Who needs it?
Counselling supervision is for accredited counsellors and psychotherapists, pre-accredited therapists and students undergoing training courses in professional counselling and psychotherapy. Supervision is also available to professionals in the related fields of social work, community work, social care and mental health professionals.
The primary goal of counselling supervision is to enhance the effectiveness of psychotherapy/counselling and other psychological interventions through the growth of the therapist/worker and the development of their skills.
Counselling supervision also protects against burnout and stress. Burnout comes from being overloaded and the onset of ‘compassion fatigue’. So counselling supervision is a restorative process to replenish emotional energy through debriefing and emotional containment.
It is a space to discuss difficulties with themselves and their clients without fear of disapproval or judgement. It also acts as a container for the supervisee’s own doubts and distress and a space for them to be explored.
Like with a client, we establish ground rules and clarify lines of responsibility regarding how you prepare for a session; ensure client needs are addressed; look at the therapeutic relationship; provide constructive feedback and appropriate self disclosure. And to recognise when personal issues are intruding on the work or unfinished business with a previous client.
My job is to create a space that will enable you to find your own style of being a therapist/worker. The space is the heart of the process that helps you gain insight and find your own solutions and explore the unknown – staying with it and not trying to resolve it. A space to explore fantasies, hunches and feelings. This allows you to step back from your work and see the themes. It also allows you to move between experiencing and reflecting.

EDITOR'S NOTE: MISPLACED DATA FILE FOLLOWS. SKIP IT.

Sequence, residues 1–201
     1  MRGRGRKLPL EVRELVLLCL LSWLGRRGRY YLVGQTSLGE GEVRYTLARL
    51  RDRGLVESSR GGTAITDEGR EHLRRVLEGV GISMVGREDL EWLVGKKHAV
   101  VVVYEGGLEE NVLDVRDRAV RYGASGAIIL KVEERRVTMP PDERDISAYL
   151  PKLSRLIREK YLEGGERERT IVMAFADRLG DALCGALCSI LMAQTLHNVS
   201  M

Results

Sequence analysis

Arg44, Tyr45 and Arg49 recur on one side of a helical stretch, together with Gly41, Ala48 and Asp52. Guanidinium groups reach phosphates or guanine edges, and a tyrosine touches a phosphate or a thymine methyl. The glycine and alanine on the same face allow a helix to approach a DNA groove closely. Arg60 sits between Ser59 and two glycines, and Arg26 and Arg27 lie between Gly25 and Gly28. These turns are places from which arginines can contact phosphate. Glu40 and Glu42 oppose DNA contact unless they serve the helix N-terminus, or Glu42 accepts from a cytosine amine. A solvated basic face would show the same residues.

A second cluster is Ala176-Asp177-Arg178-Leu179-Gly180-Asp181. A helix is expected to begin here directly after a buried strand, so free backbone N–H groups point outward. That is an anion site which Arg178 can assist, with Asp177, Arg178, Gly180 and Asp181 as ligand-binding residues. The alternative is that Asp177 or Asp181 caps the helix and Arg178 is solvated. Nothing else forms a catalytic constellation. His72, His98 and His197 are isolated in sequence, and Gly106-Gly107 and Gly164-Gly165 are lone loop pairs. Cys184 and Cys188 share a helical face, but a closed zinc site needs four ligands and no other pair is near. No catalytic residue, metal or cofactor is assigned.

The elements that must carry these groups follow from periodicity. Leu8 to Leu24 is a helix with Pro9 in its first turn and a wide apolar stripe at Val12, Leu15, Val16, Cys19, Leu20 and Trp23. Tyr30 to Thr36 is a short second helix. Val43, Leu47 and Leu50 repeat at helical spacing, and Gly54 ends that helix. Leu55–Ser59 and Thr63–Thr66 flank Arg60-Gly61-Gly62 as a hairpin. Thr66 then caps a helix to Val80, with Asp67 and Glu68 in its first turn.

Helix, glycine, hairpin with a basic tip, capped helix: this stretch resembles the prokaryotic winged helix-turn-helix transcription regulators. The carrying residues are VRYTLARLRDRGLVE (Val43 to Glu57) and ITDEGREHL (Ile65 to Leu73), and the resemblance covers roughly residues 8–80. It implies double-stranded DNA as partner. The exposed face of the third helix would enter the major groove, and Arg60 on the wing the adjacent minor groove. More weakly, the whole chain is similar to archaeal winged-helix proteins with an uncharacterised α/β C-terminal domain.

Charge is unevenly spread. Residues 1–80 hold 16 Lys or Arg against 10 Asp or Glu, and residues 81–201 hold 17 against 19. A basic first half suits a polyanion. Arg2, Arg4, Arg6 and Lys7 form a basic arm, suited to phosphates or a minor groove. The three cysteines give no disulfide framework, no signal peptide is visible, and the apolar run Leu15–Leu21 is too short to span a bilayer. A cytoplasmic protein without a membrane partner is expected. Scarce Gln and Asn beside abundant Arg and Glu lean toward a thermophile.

Most importantly we will look at the ‘parallel process’: where the relationship dynamics between client and therapist/worker appear in the supervision room. The supervisee literally, but unconsciously, acts like the client to show the supervisor what is happening in the relationship. The origin of this is from our own childhood and mimicry at play. It is the supervisee’s out of character behaviour that really shows how the client is.
This process externalises the client for the supervisee and he/she can look at the client with fresh eyes, with a sense of perspective, and a sense of where the therapeutic relationship is going or needs to go.
All parts of this process are regularly reviewed; the relationship between supervisor and supervisee, client progress, supervisee progress, so a clear development is maintained. Mutual feedback is encouraged as well as a look at strengths and weaknesses on all sides, including the supervisor. So the supervisee gets a sense of strong support and mutuality in the relationship. We will also regularly re-contract our work so that adjustments are being made and the work’s effectiveness is maintained.
In a paragraph…
Counselling supervision is a space for counsellors, psychotherapists and mental health workers to develop their skills, protect from burnout and explore their work in terms of professional client work and their own personal development. The space helps the supervisee gain insight by exploring the unknown in themselves and the client. This provides perspective and separates out the supervisee material from the client material, enabling the supervisee to help the client more effectively and protect the supervisee’s own integrity.